A while back (during construction of my new house), I wrote an article about the capabilities of the DSC 1832 alarm panel. Well, time got the better of us and I wasn’t able to wire the house myself. Instead, we had a third party alarm company provide “a la carte” wiring service. This included (all 22/4):
- Phone line to the outside utility area
- Front + Side door
- 4 motion detectors
- “Basement” wire (which I used for freeze)
- Siren Wire
And a larger gauge AC wiring from the outlet over to the alarm panel
I went ahead and purchased the following items:
- DSC 1832 Kit
- Motion Detectors
- DSC Cam Lock (I forgot this and regretted it)
- Recessed Door Sensors
- 40 Degree Temperature Contact
- Envisalink IP Module
- Decals 🙂
- CATV Stripper (for outer sheath)
- Wire stripper
- Tone tester
- Screwdriver set
- Drill (and drywall screws, drill bits etc)
- Multimeter (highly recommended)
To get booted up, you’ll want the following:
- Snap the board into the alarm panel using the stand-offs provided. They punch through the back of the case.
- Mount the alarm box. If your installer has all the wires come out of a single hole, mount the box over that hole. Use heavy drywall screws and do the top two first, then the bottom once the box can rest on the wall.
- Attach the AC line wire to the alarm panel. The screw terminals require a bit of fiddling, but they can hold multiple wires (which is convenient for the Aux power bus). You have to come up from below at a 45 degree angle. If you’ve mounted them correctly, when you tighten you should not be able to remove the wire.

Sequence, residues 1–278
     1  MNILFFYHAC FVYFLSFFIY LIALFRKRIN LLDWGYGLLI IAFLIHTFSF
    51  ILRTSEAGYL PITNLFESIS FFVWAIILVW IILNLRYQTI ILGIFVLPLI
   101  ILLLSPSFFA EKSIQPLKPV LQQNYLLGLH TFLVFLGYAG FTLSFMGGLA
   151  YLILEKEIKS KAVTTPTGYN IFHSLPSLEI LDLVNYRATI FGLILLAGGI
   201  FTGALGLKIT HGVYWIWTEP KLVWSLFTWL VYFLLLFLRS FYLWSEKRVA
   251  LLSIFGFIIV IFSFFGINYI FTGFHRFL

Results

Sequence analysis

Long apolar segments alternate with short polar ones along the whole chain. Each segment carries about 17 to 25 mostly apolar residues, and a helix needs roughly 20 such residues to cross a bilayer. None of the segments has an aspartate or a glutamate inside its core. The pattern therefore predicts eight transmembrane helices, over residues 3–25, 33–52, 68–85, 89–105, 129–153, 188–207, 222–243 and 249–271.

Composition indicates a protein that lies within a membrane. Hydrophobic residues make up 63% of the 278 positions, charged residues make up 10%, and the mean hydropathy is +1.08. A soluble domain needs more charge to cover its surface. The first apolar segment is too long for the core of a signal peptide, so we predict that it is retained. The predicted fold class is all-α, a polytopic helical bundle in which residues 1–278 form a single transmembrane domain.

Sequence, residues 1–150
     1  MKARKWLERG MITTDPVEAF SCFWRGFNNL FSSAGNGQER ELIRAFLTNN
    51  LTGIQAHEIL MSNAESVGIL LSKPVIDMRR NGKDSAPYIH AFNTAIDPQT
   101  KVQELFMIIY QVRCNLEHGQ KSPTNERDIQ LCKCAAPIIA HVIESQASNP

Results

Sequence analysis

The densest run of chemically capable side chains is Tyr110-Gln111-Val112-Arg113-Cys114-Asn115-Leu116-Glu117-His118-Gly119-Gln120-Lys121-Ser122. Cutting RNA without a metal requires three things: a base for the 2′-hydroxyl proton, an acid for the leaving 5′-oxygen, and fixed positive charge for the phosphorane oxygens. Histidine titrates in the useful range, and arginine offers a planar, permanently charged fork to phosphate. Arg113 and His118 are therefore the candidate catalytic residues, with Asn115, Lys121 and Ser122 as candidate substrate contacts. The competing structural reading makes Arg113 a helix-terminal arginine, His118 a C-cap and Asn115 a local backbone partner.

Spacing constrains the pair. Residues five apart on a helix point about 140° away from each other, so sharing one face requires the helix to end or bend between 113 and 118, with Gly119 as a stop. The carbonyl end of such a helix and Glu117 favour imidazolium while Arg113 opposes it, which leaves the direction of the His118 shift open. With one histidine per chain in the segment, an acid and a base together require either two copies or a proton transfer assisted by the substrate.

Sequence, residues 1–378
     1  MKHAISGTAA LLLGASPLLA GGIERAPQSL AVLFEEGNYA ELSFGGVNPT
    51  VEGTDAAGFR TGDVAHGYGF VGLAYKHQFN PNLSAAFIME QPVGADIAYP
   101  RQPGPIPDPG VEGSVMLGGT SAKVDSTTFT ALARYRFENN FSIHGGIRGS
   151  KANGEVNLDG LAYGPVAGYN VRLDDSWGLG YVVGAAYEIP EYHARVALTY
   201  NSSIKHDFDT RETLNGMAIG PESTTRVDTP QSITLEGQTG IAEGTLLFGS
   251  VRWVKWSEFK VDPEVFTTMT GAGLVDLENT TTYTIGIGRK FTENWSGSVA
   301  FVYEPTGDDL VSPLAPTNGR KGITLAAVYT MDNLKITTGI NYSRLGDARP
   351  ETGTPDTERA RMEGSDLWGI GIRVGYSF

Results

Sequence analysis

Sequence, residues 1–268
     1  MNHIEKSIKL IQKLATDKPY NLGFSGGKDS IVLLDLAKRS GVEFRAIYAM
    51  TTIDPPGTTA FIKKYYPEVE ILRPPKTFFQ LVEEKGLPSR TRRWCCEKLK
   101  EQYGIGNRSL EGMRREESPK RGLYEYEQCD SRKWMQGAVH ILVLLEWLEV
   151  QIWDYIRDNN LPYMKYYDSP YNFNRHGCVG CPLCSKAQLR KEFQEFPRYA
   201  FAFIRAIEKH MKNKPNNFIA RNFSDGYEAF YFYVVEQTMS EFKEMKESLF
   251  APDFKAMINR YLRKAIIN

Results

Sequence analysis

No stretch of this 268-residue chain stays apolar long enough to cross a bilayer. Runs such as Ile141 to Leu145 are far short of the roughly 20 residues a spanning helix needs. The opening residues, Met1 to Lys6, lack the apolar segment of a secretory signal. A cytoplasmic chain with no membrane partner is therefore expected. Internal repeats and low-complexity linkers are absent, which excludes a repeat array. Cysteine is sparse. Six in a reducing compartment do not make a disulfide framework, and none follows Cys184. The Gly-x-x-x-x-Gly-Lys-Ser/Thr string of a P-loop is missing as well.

- Attach the other end of the AC line wire to the adapter. For the time being, you can remove the center screw that holds the adapter into the socket.
- Plug it in.
You should see the panel boot up. After you’ve got lights on you can unplug it.
Mount the keypad on the wall using four drywall screws over the keypad wire. Then shorten the wire down to a few inches, leaving enough room to clean them up.
Use a cable stripper to remove the sheath around the bundle. Adjust the blade until it barely rests upon the sheath of the wire and rotate.
Use the wire stripper to strip each of the leads and screw each into the terminals on both ends.
Once it’s all connected you should be set to go.
Settings worth fiddling
- Remove the TLM (Telephone Line Monitoring)
- Enable the AC Power Indicator on the Panel (disabled by default)
- If you want to disable the siren, you can enable the keypad beeper for alarm condition.
An alarm zone, by default, has three states:
- Open Circuit (Violated)
- ~6.5k loop resistance (Secure)
- Short (Tamper condition)
You can diagnose these zones with an ohm meter. The other trouble codes you’ll encounter are low DC battery voltage (plug in the battery, duh) and Bell trouble (either attach the bell or run a 1k resistor in between the contacts to get rid of the trouble).
Each alarm zone should be wired with a loop and a series resistor. For this purpose, you will either need a soldering iron and electrical tape or some end caps to butt join the resistor lead and wire.
Some sensors require power in the form of 12V. It’s best to keep the convention of using the Red and Black for 12V and the remaining wires (Green and Yellow) for the loop.